"That's a great deal to make one word mean," Alice said in a thoughtful tone. "When I make a word do a lot of work like that," said Humpty Dumpty, "I always pay it extra."

Sunday, 3 March 2013


   I thought I had blogged this one before but I can't find it using the search engine.

A ha-ha is a feature used in landscape garden design to keep grazing livestock out of a garden while providing an uninterrupted view from within. The feature consists of a turfed ditch, one side of which is sloping and the other vertical and faced with stone or brick. Before the advent of mechanical lawnmowers a commonly used way to keep large areas of grassland trimmed was to allow livestock, usually sheep, to graze the grass. A ha-ha prevented the grazing animals on large estates from gaining access to the lawn and gardens adjoining the house, giving a continuous vista to create the illusion that the garden and landscape were one and undivided. The name "ha-ha" was given to the feature because, when walking towards it from the garden, it would only become apparent to the observer when in close proximity to it.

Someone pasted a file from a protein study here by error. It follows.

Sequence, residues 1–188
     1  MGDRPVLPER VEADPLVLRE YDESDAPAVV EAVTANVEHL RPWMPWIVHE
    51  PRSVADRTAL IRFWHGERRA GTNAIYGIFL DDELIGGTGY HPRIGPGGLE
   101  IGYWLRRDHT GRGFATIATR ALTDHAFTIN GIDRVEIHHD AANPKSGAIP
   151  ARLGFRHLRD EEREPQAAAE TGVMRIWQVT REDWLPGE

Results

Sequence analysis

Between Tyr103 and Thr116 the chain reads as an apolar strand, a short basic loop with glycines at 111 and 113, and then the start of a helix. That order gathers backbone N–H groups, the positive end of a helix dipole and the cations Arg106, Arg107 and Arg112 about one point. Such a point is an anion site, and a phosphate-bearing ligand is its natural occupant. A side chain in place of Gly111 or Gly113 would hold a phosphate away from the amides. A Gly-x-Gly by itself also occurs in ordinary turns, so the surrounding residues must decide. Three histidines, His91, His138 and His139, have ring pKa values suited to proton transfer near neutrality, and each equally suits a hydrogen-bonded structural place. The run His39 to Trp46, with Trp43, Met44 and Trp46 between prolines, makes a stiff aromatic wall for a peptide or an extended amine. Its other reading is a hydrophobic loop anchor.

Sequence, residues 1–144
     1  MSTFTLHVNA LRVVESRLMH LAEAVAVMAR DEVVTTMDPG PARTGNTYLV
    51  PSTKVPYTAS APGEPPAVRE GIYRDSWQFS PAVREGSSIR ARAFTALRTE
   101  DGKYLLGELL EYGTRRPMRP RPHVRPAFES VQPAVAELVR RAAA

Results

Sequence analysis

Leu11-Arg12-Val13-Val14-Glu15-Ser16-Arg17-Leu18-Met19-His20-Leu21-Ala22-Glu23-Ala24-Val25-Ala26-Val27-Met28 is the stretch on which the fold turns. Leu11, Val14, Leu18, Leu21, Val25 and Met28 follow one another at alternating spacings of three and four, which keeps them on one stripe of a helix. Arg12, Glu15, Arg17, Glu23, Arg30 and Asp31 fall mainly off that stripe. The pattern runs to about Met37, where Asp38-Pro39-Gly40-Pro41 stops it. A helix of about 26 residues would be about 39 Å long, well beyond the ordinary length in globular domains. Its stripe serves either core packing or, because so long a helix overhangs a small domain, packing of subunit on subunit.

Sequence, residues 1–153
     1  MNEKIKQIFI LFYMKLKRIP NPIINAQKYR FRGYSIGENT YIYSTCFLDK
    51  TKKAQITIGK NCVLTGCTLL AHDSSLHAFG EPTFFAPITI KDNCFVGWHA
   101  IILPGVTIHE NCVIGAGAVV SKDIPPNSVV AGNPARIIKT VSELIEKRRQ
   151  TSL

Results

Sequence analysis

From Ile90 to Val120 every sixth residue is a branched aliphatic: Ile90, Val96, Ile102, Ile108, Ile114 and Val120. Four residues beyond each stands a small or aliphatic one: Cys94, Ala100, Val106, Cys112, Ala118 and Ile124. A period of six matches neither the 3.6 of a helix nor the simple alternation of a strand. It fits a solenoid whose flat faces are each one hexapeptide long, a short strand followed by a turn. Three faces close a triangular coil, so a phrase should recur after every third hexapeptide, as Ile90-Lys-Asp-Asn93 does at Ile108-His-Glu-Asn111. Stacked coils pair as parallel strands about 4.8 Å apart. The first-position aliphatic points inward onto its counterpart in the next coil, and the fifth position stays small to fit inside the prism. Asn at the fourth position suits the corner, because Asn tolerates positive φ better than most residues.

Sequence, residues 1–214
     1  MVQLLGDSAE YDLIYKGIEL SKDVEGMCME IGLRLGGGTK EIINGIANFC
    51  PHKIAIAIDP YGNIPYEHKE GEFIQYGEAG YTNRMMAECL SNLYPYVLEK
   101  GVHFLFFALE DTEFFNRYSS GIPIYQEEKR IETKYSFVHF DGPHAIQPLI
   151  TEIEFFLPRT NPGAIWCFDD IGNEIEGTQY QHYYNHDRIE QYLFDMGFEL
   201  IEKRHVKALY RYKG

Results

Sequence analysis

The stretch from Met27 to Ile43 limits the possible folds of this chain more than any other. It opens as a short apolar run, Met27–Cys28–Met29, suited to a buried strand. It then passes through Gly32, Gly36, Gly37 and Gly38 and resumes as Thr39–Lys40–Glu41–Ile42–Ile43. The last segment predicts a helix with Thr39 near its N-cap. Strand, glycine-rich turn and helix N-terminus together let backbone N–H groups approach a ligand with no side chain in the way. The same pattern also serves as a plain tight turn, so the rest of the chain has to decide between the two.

1. Interesting. If I ever saw one I would not have known the name of it, and if I ever saw it in writing I probably just skipped it...

  2. wildly brilliant! I wonder if American farmers are aware of this concept.

  3. I've come across the word a few times in books and more or less guessed what it was from the context, but your explanation makes it much clearer. Thank you!